Postcard from Cedar Gap Wilderness Area

postcard Cedar Gap

Cedar Gap Wilderness Area is a  431 acre forest area at the headwaters of the Bryant Creek in Wright County, Missouri.  I drive past the turn-off for it on my way to work, and I’d always wondered about it, but then our local newspaper ran a story about it and I realized what a cool hike was only a few miles from my home.  I recruited some friends and we went for a family hike on a warm weekend in January.


The hike starts in a heavily forested area, and you head downhill towards the creek.  It was in the 50s that day, but it had been cold just a few days before, so the creek was frozen on top with running water underneath, and there were icicles everywhere.  The trail is lined by limestone bluffs and I bet the area is absolutely gorgeous in the fall.

Scrambling across the creek was pretty tricky with the icy conditions, but we managed to do it without anyone falling in the water.  (Even the kids – and some adults – who just had to play around on the rocks!)  The hike back up to the parking lot was fairly steep, and at one point it opens into a glade that is the second highest point in Missouri.  (Around 1700 ft)  The conservation department says the loop is 1.6 miles, but we explored the creek quite a bit so I think we ended up hiking around 3 miles.  I was really proud of my son for hiking the whole way without complaining.

We celebrated a successful first two-kid hike with donuts in the parking lot!  (Sam stole mine.)


Postcards from the Ozarks

Stay tuned for the next installment of Postcards from the Ozarks!

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Postcards from the Ozarks


I’ve been reading a ebook called Live Sent: 31 Days in the City by Shauna Pilgreen, a church planter’s wife who recently relocated with her family from the Midwest to San Francisco.  In order to get to know their new home, she embarked on a series of family adventures to get to know the people through using for analytics, cultures and landmarks of their new city.

We recently experienced something similar, but in reverse, moving from a small city (pop. 150,000) to a small town (pop. 3,000).  Culture shock is a fair word for what we have experienced!  Just as someone moving to a large city might feel anonymous among the crowd, trying to fit in in a town where most people’s roots run generations deep can be challenging.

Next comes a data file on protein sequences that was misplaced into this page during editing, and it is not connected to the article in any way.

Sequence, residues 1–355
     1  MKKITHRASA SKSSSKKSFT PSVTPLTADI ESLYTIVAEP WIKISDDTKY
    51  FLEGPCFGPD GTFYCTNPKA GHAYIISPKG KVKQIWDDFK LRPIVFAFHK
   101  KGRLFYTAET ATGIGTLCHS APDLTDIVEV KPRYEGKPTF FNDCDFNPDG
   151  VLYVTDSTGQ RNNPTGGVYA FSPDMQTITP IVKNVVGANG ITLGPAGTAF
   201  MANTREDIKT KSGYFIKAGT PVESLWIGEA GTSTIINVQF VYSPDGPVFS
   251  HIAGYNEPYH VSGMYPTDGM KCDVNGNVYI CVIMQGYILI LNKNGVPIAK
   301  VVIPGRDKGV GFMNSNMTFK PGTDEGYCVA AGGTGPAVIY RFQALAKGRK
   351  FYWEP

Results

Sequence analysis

Inspired by the book, I’ve made a list of notable things to see and do around our little town.  I won’t be able to complete them in 31 days, but I hope to get to most of them during the next year.  I really do believe that there is something unique about every place. Look for future posts postcards from these great spots and hopefully even more!

Laura Ingalls Wilder’s house in Mansfield, MO

Make the most of our Silver Dollar City season passes

Visit Glade Top Trail

Fishing at Rockbridge Rainbow Trout Ranch

Hiking at Cedar Gap Conservation Area

French cuisine in small town Missouri – La Galette Berrichonne

Eat some 5-cent ice cream at Ava Drug

Take a retreat at Assumption Abbey and try some of their famous fruitcakes

Visit Dawt Mill

Go floating (canoeing)

Bakersville Pioneer Village

Local festivals

  • Poke Salad Days
  • Glade Top Trail Festival

Have you ever played tourist in your own town?   

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Run to the Lights

(also known as the official start to Christmas!)


Last weekend my husband and I traveled about 30 minutes south to Branson, Mo (yes — that Branson.  And yes, I will miss seeing Andy Williams billboards this Christmas!) to run a 5K at Silver Dollar City.  It’s an 1880’s themed amusement park, which is just as weird and delightful as it sounds — old timey craft shops, food cooked in large outdoor kettles and griils, and some really awesome rides with names like Powder Keg and the Barn Swing (it’s scarier than it sounds).  They cover every square inch of the place in Christmas lights in November and December, and it’s really something to see.

The race is great, because for the price of a normal admission, you get to ride rides for about 3 hours, run a 5K, get hot cocoa, wassail, and cookies, AND a ticket to come back again before the end of the year.

The only bad part is The Hill.  The end of the race goes up this enormous hill that everyone who has ever been to SDC knows about, because it’s the hill you have to climb to reach the entrance/exit to the park at the end of a long day.  But really, it’s not that bad.

Dude if you move just a little to the right you would be wearing the MOST FESTIVE AWESOME HAT ON DA PLANET!

Did you notice how I casually mentioned at the beginning of the post that my husband and I ran a 5K?  This is a really big deal.  Matt doesn’t run.  It’s my thing, and I don’t try to push it on him.  But he likes roller coasters, and I promised I would stay with him if he wanted to run it.  You guys:  HE RAN THE WHOLE WAY (okay, one tiny walk break) WITH NO TRAINING (except the general physical demands of being a college pastor, which apparently requires regular games of ultimate frisbee and capture the flag)!  I was so proud of him.

Then we ate lots of cookies.  Yum.


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